Wide receiver Koren Robinson was almost out of the league for good after ruining his chances in Seattle with a party lifestyle that included too much booze. Then, after signing with the Vikings and subsequently being released twice in a matter of two weeks this September in an effort rework his contract, Koren Robinson was almost a Packer.
There are a lot of "almosts" in Robinson's life over the past year. He was almost at rock bottom when Mike Tice called and eventually signed Robinson when the former Seattle Seahawk completed his alcohol rehabilitation.
Even Robinson's return to the National Football League was rocky in the first two weeks. He signed with Minnesota on Sept. 7, was released on Sept. 10 so the Vikings wouldn't have to guarantee his salary for the entire season – you know, just in case he had a relapse. He re-signed again the day after the season opener. On Sept. 20, he was released again to redo his contract, and then re-signed later that same day.
But during those contract maneuvers, the Vikings almost lost Robinson to the Green Bay Packers, who were suddenly in need of a go-to receiver when Javon Walker was lost for the season when he tore his anterior cruciate ligament in the season opener.
"It was tempting, but I felt I had to be loyal to the team that stuck their neck out. So that's why I'm still a Viking," Robinson said.
The Packers would have made a lot of sense for Robinson in those days after the Vikings released him. With Seattle coach Mike Holmgren and Green Bay coach Mike Sherman cut and trained in the same system, Robinson already knew the Packers offense. He also had a good relationship with Green Bay general manager Ted Thompson, who was the front office man in Seattle before moving east.
"It was serious, a great opportunity," Robinson said of talks with the Packers in September. "Under Ted Thompson (in Seattle), they drafted me. So going back there would have been great for me. I'm familiar with the offense back there, playing with Brett Favre. You've got to factor all of that in, but at the end of the day Minnesota came to me when nobody else came – easy decision. You've got to look at everything, but at the end of the day, you've got to be loyal. I had to stick it out."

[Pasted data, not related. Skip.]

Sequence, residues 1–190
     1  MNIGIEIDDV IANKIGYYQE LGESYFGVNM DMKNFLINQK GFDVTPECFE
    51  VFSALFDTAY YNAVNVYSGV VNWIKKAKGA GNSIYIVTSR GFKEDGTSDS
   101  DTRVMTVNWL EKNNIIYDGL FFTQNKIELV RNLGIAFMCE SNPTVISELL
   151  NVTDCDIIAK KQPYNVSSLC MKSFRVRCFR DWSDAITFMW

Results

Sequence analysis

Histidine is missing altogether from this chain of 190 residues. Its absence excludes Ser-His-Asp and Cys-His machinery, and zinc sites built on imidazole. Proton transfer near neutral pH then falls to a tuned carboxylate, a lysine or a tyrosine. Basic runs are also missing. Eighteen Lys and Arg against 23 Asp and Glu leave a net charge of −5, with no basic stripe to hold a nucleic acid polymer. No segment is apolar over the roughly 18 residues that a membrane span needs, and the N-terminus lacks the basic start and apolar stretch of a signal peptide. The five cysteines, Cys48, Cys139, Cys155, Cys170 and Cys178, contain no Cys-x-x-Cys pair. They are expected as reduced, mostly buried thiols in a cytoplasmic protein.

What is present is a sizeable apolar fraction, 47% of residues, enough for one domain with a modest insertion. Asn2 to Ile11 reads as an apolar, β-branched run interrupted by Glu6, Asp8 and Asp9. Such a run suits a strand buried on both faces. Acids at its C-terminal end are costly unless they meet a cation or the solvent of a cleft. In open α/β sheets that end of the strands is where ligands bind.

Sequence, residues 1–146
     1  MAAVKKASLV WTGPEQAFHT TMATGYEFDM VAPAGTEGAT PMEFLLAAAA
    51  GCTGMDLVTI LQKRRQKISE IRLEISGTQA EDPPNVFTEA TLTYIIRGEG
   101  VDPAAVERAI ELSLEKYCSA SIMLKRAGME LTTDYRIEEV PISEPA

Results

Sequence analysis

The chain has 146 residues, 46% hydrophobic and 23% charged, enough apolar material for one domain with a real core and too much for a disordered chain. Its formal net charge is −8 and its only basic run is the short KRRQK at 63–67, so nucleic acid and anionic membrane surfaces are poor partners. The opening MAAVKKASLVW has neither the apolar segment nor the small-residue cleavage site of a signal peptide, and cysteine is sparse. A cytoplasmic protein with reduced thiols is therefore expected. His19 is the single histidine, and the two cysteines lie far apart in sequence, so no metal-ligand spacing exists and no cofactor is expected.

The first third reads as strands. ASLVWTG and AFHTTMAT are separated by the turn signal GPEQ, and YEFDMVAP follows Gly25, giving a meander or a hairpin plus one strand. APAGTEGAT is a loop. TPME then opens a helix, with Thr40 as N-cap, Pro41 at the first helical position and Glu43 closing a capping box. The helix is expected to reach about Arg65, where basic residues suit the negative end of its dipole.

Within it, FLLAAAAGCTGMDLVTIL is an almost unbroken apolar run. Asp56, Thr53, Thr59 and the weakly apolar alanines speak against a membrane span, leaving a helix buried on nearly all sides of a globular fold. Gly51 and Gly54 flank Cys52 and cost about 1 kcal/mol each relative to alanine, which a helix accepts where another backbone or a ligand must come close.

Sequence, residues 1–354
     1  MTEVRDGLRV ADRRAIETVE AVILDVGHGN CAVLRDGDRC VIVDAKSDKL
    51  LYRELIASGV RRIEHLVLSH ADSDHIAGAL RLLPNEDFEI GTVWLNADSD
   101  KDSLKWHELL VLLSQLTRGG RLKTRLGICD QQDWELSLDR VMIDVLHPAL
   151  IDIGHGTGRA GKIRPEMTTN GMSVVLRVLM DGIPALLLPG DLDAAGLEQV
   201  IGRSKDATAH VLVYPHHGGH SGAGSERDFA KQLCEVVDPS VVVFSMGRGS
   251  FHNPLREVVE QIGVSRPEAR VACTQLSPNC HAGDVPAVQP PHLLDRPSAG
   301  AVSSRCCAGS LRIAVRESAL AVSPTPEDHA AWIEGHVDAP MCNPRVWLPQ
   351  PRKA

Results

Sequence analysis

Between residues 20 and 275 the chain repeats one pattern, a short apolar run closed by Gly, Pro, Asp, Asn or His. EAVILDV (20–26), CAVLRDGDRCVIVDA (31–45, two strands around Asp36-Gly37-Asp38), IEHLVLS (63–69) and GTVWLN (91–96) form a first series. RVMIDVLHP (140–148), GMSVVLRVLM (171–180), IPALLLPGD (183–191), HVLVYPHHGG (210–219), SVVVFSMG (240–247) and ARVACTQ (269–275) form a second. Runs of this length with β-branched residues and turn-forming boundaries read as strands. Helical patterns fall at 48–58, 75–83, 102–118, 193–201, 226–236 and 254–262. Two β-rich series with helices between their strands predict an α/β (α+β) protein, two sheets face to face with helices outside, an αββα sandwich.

Even with the Vikings being cautious with his contract and not wanting to guarantee anything to the recovering Robinson, the wide receiver remained loyal. Financially, he would have been ahead in Green Bay. He would have had more playing time. He would have had Brett Favre as a quarterback. He would have had … well, when it came down to it, he simply chose loyalty to the first team that pursued him and he didn't have a hint of regret talking about it Friday at Winter Park as his Vikings prepared to play a team he almost called his own.
"They were going to offer me more there than here, but this year wasn't really about a money issue or anything like that. It was me getting back in and however I can get back in, Minnesota gave me the opportunity and they were the first one to come even with question marks up in the air, whether I was going to get suspended or what was going to happen with my court case."